After 4 weeks of super interviews with authors Helene Boudreau, Lisa Bergren, Ni-Ni Simone and Addison Moore, it’s time to get caught up on the latest news in e-format-land.
I was at a writer’s workshop two weeks ago when we caught the news that Borders was closing their last 399 stores and going out of business. As the news buzzed from person to person, it visibly affected the authors, editors and publishers there. Although this time of change is exciting on one hand, it’s also sad to see a major book store chain gone forever. In case you missed the news, here's a report from the L.A. Times. They report that Borders was “defeated by poor management decisions, massive debt and a changing industry.”
Of course, many of Borders’ customers will now turn to Barnes and Noble for their book/coffee/hang-out needs. And that leads me to an International Business Times article on Five Things Barnes and Noble Can Do To Survive. Number 5 has to do with....e-books, of course! “Gain more eReader market share by setting the trend instead of merely following Amazon’s lead,” says the article. “Barnes and Noble needs to set the trend, not follow the trend, it the company is going to survive.”
Speaking of trends, last Friday it was announced that Kobo is debuting a new touch screen e-reader, launching it first in Hong Kong. Besides the touch screen there are many other new features. My favs are: you can read up to one month on a single charge,it is customizable with 7 font styles and 25 font sizes, and it accepts almost any format of e-book. Check out the full press release.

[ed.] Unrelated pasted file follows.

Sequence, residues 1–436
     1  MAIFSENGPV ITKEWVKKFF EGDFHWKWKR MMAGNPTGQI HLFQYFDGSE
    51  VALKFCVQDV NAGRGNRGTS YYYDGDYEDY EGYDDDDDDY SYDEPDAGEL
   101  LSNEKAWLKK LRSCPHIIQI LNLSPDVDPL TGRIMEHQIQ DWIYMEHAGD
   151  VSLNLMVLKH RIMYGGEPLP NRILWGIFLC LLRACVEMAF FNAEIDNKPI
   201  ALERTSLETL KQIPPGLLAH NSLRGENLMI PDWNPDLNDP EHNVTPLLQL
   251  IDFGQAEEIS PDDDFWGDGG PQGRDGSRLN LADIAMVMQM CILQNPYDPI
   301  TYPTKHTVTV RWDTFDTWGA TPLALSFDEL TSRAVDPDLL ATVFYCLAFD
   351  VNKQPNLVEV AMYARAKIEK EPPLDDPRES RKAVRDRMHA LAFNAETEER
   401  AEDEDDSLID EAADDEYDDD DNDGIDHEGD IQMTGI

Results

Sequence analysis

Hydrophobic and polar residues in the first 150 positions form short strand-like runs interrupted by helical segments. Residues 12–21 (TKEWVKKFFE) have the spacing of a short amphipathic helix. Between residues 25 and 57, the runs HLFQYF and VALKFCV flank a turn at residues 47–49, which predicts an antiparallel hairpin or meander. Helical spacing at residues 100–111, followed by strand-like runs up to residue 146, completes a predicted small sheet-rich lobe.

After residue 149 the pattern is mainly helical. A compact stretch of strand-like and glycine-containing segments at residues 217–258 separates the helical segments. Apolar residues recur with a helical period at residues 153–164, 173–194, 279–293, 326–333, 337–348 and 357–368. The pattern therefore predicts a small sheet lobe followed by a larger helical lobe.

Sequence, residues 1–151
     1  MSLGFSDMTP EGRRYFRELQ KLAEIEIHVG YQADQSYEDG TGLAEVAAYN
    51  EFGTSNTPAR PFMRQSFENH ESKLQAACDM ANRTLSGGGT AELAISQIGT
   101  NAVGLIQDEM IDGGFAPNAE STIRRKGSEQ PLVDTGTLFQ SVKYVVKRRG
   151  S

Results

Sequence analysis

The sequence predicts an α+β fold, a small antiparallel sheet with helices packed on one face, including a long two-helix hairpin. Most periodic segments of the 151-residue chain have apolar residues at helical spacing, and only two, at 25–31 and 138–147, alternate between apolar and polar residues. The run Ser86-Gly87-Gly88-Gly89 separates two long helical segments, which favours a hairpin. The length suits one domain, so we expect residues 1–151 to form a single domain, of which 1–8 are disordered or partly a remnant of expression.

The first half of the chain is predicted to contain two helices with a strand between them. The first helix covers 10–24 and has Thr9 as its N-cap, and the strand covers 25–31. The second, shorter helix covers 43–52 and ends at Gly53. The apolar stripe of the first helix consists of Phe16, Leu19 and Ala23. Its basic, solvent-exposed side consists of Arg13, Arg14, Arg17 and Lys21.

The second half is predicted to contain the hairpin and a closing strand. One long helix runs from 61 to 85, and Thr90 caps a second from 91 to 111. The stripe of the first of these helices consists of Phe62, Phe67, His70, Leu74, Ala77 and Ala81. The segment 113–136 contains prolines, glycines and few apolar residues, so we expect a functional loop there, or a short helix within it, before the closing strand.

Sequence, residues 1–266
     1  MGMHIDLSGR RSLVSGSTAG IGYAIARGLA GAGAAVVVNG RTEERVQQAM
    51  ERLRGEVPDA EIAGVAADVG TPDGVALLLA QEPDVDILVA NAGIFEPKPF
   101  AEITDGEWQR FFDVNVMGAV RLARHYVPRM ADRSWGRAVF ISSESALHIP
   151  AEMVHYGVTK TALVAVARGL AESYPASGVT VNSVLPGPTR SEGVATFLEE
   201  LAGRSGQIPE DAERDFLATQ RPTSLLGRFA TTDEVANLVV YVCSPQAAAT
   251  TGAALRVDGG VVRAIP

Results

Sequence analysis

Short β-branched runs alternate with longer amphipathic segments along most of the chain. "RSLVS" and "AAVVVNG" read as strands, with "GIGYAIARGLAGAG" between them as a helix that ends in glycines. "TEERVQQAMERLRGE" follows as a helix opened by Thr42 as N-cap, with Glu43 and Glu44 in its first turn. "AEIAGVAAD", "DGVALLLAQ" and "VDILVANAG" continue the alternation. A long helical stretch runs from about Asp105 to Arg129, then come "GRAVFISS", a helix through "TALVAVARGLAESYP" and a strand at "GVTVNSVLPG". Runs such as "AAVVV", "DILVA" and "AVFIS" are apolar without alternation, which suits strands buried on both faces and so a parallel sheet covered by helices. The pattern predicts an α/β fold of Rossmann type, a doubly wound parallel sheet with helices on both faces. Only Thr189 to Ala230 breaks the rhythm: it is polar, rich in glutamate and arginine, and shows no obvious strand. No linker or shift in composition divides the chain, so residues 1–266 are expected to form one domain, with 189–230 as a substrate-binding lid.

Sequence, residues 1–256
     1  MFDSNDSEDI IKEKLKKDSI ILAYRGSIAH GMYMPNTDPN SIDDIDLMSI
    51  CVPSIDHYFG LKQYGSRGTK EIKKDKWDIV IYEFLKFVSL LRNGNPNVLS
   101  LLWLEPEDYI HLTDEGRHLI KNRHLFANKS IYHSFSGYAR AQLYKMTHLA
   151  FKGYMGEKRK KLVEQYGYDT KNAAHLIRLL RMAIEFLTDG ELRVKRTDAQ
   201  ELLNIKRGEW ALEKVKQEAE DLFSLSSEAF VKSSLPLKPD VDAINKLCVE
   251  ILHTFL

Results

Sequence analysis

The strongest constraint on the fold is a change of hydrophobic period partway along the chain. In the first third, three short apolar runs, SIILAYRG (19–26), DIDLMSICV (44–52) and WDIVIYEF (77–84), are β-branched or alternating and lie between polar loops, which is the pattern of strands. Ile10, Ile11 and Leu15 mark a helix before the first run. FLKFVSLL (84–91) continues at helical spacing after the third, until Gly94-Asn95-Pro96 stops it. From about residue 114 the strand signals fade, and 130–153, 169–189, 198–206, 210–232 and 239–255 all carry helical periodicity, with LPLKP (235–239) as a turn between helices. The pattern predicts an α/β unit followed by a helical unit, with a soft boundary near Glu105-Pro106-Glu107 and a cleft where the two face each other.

The debate continues about interactive e-books for children. Do the razzle-dazzle interactive features limit children from using their imagination as they read or hear a story? Do they help or hinder kids as they learn to read.The jury is still out, but here’s a story about designer William Joyce who used to work for Pixar. This story tells us, “he’s now taking that skill and making the next generation of interactive experiences on the iPad. He and his colleagues at Moonbot Studios created the short film “The Fantastic Flying Books of Mr. Morris Lessmore“, an amazing story inspired by Hurricane Katrina, The Wizard of Oz, and Buster Keaton movies.” Have a look at the article and the various videos showing his work on this e-book. Is it a movie? Or is it a book? At what point does the imagination stop and the special effects take over? The debate goes on.
As always, the Kids' E-Book Bestsellers List has been updated with this week’s top tens. Enjoy!